On New Year’s Day, most of us take a moment to stop and examine our lives and resolve to make a change or two. We’ll eat better, we’ll exercise more, we’ll spend less time watching television and more time volunteering. While all certainly worthy efforts, one incredibly important resolution to consider that will benefit you and every one of your loved ones can be accomplished in just a few minutes — the execution of an advance health care directive.
Over the years, we have seen striking examples of why advance health care directives, or “advance directives” for short, are vitally important. Three prominent examples are Karen Ann Quinlan, Nancy Cruzan and Terry Schiavo.
Catastrophe struck these young women at a time when none of them had signed an advance directive. Therefore, their families resorted to a probate court to authorize a guardian to make health care decisions. Their families’ lives were complicated and made stressful by court actions, press coverage, protesters from both “Right to Life” and “Right to Die” groups. In the case of Terry Schiavo, Congress intervened! These examples highlight the tragedy of not having an advance directive, since most, if not all, of the controversies swirling around the individuals and their families could have been avoided with an advance directive.
These cases underscore the importance of advance directives. Although these sensational cases captured the attention of the nation, every day in health care facilities throughout the country there are patients, young and old, whose families struggle with issues of incapacity. As the so-called, baby boomer generation pass into their sixth decade, these issues will only be compounded.
Americans are living longer, creating an unprecedented set of pressures upon families. Increased longevity requiring additional health maintenance is a primary pressure. Advancing age inevitably leads to a decline in general physical and mental capabilities. This decline raises important legal questions and challenges for aging individuals, their families and for health care providers. Advance directives address these challenges.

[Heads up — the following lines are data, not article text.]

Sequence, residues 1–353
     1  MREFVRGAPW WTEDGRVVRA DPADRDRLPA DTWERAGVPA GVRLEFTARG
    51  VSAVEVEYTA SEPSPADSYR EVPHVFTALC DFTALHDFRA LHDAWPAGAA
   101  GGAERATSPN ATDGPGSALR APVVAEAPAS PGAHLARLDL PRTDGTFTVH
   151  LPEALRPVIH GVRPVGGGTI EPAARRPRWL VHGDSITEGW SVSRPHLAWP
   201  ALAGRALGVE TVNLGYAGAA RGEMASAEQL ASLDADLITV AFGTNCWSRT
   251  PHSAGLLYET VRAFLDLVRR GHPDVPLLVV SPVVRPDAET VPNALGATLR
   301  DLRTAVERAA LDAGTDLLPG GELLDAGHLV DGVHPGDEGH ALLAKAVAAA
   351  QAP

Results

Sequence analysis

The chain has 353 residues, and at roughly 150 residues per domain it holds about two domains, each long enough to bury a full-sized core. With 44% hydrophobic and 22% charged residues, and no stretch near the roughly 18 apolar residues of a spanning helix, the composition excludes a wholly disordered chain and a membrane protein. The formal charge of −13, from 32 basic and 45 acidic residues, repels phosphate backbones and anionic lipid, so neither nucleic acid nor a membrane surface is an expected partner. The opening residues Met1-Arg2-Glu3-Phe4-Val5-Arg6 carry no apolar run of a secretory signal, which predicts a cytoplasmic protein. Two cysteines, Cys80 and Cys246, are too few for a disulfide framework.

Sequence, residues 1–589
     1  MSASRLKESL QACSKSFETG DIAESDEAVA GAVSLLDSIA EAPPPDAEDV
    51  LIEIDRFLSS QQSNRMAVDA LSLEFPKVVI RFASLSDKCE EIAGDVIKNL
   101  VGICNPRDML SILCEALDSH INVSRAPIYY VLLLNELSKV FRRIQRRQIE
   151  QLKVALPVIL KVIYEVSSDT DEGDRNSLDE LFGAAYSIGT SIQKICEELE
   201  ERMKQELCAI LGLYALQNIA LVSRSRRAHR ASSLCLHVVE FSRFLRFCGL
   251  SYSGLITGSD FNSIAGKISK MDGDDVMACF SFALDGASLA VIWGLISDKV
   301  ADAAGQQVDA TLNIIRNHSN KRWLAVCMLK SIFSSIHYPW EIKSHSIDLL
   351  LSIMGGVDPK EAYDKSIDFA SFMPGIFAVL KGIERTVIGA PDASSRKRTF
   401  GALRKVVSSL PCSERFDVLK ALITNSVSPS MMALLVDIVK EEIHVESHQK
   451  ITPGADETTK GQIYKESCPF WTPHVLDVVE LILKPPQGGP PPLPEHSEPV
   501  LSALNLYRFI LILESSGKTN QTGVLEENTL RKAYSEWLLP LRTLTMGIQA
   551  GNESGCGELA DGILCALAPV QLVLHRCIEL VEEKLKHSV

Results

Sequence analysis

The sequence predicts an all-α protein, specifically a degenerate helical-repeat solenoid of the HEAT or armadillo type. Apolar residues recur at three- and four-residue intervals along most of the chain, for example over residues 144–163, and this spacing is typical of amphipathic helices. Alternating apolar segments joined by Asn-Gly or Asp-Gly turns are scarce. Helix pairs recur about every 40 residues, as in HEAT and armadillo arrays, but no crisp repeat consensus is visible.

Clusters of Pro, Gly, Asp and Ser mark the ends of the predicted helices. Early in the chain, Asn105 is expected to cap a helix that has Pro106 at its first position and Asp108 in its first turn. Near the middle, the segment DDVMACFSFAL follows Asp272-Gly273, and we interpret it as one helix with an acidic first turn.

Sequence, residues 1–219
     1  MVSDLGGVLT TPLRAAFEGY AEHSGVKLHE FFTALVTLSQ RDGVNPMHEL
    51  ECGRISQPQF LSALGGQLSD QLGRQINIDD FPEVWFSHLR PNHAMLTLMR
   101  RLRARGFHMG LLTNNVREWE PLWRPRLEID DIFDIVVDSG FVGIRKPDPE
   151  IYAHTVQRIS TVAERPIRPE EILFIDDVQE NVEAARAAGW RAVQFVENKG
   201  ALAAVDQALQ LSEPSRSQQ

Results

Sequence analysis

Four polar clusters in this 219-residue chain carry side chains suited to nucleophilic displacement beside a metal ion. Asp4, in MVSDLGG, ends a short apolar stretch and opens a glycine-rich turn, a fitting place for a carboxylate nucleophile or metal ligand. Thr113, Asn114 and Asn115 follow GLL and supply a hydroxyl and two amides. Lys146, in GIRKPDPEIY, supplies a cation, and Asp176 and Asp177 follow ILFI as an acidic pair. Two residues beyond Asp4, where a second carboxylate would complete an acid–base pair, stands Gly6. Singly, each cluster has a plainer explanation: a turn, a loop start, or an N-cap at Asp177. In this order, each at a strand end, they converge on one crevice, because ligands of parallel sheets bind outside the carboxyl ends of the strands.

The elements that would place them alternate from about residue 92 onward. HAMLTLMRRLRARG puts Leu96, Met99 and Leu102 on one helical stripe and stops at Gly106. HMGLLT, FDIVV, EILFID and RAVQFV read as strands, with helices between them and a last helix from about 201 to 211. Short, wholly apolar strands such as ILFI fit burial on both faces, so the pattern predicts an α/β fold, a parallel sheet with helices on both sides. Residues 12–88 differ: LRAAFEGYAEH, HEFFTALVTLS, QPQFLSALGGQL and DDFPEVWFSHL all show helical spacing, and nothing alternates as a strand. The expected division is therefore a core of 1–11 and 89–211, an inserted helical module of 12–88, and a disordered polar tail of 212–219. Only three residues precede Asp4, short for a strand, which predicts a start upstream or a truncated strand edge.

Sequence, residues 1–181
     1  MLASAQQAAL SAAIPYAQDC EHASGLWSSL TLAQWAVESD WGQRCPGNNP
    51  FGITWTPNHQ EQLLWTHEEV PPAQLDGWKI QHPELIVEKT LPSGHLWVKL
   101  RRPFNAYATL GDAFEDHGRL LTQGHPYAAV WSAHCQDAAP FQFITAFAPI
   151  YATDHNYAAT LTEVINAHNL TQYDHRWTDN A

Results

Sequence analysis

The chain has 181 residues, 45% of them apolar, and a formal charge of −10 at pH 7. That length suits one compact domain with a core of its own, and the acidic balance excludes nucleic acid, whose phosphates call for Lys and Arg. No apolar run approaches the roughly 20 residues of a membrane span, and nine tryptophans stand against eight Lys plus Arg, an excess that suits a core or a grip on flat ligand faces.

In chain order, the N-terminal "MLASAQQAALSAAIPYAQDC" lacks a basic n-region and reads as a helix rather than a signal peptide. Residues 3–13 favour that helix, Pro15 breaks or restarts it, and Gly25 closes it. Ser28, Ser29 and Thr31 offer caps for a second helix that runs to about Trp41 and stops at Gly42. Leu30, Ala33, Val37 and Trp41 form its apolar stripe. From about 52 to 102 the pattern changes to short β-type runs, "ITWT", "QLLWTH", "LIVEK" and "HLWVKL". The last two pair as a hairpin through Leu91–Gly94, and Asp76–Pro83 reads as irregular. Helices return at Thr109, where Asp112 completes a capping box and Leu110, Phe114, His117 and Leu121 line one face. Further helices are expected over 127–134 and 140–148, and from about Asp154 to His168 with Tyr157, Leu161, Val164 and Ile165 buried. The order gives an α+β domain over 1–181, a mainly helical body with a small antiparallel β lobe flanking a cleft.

Many people are surprised to learn that in New Hampshire, once an individual has been found to be unable to make medical decisions for themselves, family members are not authorized to make medical decisions for them, unless such a designation has been made in an advance directive. Therefore, without an advance directive a spouse, child or parent will be forced to appear in probate court to request that the court appoint them as guardian. This is even the case for parents with children over the age of 18 who are students.
As a result of the U.S. Supreme Court decision in the Nancy Cruzan case, many states enacted provisions creating advance directives. Each state specifically provides what is covered by an advance directive and the formalities involved in signing one, such as the requirement for witnesses, and perhaps a notary public. For instance, while New Hampshire adopted a specific format, some states, such as Massachusetts, did not. Although many states recognize advance directives signed in another state, when moving to a new state, it is important to review the law and the advance directive.
It is critical to note an advance directive cannot be signed unless an individual is legally competent. The benchmark for signing advance directives is testamentary capacity, which is the minimum legal capacity required to make a will. In some cases, a contemporaneous evaluation by a physician or a psychologist may be warranted.
An advance directive is a prior grant of authority to an agent to make health care decisions for the principal/patient. The agent’s power to make decisions springs into effect upon the incapacity of the principal/patient. Under most state statutes, the principal’s medical care providers will determine the principal’s incapacity at the time of treatment.
The choice of the health care agent is crucial. Obviously, the agent needs to be someone who can make life and death decisions. Before choosing an agent, the principal and prospective agent should discuss the principal’s wishes and the agent’s ability to deal with life and death decisions. It is also wise for the principal to name an alternate agent in the event the primary agent cannot or will not act. New Hampshire allows for co-agents to be named, that is two or more persons authorized to act together. However, this can create problems when co-agents disagree on treatment.
If a hospital patient has not signed an advance directive and no longer has legal capacity to sign such a document, New Hampshire law requires a court appointment of a guardian to act on the patient’s behalf. The appointment of a guardian is a formal public legal process. An advance directive is an attractive alternative to a guardianship.
As the much publicized controversy in the Schiavo case dramatically highlighted, there are widely divergent views on end of life decisions. Advance directives help individuals minimize the potential for the kind of strife that divides families, the country and courts. Simply choosing in advance someone to make medical and end-of-life decisions reduces stress in an otherwise stressful situation.